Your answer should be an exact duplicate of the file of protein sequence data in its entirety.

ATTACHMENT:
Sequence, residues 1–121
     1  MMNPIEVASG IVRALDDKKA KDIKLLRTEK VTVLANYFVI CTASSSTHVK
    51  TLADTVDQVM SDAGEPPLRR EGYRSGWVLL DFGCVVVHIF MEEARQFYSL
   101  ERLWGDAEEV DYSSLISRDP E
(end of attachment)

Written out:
Sequence, residues 1–121
     1  MMNPIEVASG IVRALDDKKA KDIKLLRTEK VTVLANYFVI CTASSSTHVK
    51  TLADTVDQVM SDAGEPPLRR EGYRSGWVLL DFGCVVVHIF MEEARQFYSL
   101  ERLWGDAEEV DYSSLISRDP E